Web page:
Orofacial function and monitoring of oral care in amyotrophic lateral sclerosis

Acta Odontol Scand. 2017 Apr;75(3):179-185. doi: 10.1080/00016357.2016.1276212. Epub 2017 Jan 12.


Objective: The aim was to assess orofacial function and monitor oral care in patients with amyotrophic lateral sclerosis (ALS) to maintain oral comfort and oral health.

Materials and methods: A case series of 14 patients newly diagnosed with ALS accepted to participate in a quality improvement project. After initial examinations, baseline oral conditions were obtained and the patients were seen every 3 months. Nordic Orofacial Test-Screening (NOT-S) was used for evaluation of orofacial function.

Results: Patients were grouped according to initial symptoms in a bulbar group and a spinal group with eight and six patients, respectively. The mean age at diagnosis was 62.8 years. All were dentate with a mean of 26.7 natural teeth. Most patients had very good oral and dental conditions. As expected, orofacial functions were differently affected in the two groups; at initial NOT-S registration, the mean total score was 5.6 (range 3-8 domains) in the bulbar group and 0.7 (0-2 domains) in the spinal group. At final registration, the corresponding figures were 6.1 and 3.2. Oral and dental aids were introduced according to need.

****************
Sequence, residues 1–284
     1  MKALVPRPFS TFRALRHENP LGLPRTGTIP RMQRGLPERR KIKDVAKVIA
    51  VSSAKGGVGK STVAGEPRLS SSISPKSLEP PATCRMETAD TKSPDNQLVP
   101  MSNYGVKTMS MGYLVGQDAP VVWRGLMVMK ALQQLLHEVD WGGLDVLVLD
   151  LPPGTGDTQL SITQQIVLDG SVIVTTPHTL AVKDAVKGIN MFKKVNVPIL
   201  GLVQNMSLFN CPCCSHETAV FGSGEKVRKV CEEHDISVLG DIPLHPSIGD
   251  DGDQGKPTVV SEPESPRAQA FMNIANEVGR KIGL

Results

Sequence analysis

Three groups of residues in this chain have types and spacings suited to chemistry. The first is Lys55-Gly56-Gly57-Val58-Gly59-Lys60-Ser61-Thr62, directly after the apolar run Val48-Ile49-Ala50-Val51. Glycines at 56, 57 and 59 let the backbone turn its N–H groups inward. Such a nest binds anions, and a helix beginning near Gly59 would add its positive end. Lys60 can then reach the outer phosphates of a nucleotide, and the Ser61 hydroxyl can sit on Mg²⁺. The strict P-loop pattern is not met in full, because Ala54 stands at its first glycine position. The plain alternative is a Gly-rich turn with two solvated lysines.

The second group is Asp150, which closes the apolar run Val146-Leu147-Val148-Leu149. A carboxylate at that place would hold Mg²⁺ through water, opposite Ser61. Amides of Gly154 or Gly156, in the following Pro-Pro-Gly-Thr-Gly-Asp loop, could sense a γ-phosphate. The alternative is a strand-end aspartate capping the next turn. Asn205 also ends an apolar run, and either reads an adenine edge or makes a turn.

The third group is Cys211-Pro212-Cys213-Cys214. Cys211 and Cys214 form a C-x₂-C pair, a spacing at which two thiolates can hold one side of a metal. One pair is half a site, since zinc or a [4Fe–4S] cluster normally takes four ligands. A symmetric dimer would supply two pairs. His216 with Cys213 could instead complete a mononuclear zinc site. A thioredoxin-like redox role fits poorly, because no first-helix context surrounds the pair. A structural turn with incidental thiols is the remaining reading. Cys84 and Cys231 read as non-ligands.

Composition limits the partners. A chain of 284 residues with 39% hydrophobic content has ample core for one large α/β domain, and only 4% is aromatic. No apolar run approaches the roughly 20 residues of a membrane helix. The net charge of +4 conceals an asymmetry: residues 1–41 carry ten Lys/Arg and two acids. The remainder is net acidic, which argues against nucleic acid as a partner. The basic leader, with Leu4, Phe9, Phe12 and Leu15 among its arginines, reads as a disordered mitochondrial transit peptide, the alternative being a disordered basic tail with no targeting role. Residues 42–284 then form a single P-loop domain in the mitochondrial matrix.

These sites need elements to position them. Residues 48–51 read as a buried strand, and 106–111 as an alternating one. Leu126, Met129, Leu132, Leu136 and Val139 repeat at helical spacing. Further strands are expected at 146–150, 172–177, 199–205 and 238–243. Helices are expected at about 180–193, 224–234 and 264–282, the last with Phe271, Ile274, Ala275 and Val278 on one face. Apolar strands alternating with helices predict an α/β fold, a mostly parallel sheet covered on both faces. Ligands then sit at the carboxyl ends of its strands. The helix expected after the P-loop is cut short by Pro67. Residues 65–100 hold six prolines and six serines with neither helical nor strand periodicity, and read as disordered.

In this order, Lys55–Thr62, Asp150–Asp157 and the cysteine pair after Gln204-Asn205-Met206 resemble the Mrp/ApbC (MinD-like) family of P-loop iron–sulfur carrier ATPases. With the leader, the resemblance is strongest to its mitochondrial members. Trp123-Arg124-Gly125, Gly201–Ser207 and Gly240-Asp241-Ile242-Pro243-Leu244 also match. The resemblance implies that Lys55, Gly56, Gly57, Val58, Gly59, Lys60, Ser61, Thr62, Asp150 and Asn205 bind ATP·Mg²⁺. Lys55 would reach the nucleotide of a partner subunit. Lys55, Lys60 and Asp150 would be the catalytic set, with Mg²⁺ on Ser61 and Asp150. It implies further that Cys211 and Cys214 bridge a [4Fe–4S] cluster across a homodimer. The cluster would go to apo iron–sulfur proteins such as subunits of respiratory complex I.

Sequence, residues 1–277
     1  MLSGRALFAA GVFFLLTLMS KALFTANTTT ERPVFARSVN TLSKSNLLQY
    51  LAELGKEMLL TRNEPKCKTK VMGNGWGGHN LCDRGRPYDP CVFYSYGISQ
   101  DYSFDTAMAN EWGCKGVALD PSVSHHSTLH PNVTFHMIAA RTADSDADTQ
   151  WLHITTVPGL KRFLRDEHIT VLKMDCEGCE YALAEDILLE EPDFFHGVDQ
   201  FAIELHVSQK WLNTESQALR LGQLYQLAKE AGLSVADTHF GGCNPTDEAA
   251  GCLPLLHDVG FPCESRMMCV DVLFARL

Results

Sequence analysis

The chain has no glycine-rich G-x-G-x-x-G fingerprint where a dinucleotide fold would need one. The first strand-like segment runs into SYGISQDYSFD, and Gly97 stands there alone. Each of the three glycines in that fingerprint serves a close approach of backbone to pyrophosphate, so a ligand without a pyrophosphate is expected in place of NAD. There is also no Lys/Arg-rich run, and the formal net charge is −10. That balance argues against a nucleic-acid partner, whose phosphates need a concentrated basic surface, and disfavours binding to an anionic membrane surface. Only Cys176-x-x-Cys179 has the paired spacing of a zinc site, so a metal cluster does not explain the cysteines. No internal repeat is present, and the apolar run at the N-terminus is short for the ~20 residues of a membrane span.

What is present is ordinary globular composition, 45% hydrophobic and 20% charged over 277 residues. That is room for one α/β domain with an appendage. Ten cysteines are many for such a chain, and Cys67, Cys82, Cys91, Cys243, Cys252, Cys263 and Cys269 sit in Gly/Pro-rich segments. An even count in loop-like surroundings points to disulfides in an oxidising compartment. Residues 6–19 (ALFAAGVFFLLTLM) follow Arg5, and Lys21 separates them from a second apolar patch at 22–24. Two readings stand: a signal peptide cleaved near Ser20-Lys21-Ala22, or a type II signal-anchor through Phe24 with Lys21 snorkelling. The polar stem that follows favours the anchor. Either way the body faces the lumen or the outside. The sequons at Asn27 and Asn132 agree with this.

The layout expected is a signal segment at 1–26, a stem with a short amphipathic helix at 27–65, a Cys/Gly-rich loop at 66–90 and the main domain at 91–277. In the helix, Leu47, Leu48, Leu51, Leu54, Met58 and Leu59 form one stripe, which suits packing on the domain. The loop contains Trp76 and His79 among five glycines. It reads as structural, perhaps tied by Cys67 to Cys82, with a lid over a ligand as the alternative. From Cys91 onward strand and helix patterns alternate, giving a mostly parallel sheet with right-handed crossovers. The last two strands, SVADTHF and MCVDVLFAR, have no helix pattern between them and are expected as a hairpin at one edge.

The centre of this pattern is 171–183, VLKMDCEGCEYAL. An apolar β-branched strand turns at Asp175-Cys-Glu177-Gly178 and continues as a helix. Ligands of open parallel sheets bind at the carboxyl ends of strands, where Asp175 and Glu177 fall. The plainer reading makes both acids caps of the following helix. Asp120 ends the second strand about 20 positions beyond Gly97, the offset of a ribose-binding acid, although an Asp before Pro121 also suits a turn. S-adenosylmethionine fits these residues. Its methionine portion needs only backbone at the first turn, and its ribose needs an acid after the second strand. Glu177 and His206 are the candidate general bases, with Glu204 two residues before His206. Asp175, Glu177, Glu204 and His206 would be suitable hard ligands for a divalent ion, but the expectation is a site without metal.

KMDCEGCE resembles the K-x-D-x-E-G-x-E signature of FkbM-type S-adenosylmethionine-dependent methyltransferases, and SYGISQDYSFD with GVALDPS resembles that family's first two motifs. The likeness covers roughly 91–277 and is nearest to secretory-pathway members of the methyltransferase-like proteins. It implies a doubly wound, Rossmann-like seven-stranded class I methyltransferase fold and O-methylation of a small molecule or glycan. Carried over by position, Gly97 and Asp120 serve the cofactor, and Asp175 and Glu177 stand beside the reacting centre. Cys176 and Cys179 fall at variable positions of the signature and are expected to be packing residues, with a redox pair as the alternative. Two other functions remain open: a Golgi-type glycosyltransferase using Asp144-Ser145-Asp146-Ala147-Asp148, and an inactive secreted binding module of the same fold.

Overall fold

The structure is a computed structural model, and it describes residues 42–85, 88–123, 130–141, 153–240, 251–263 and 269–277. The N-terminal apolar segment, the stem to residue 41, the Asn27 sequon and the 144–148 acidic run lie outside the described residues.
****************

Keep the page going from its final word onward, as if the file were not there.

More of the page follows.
Conclusions: In the bulbar group, several orofacial functions became impaired at an early stage of disease development, and at final registrations many vital orofacial functions were severely compromised. The spinal group was less severely affected orally. However, all individuals irrespective of type of initial symptoms needed assistance in performing oral hygiene measures in the latter part of the disease period. Good oral health and oral comfort could be maintained in all participants and no other dental treatment was needed.

Keywords: Amyotrophic lateral sclerosis; NOT-S; oral care; orofacial function.

MeSH terms

  • Adult
  • Aged
  • Amyotrophic Lateral Sclerosis / complications*
  • Female
  • Health Status*
  • Humans
  • Male
  • Mandibulofacial Dysostosis / etiology
  • Middle Aged
  • Oral Health*
  • Oral Hygiene*
  • Quality of Life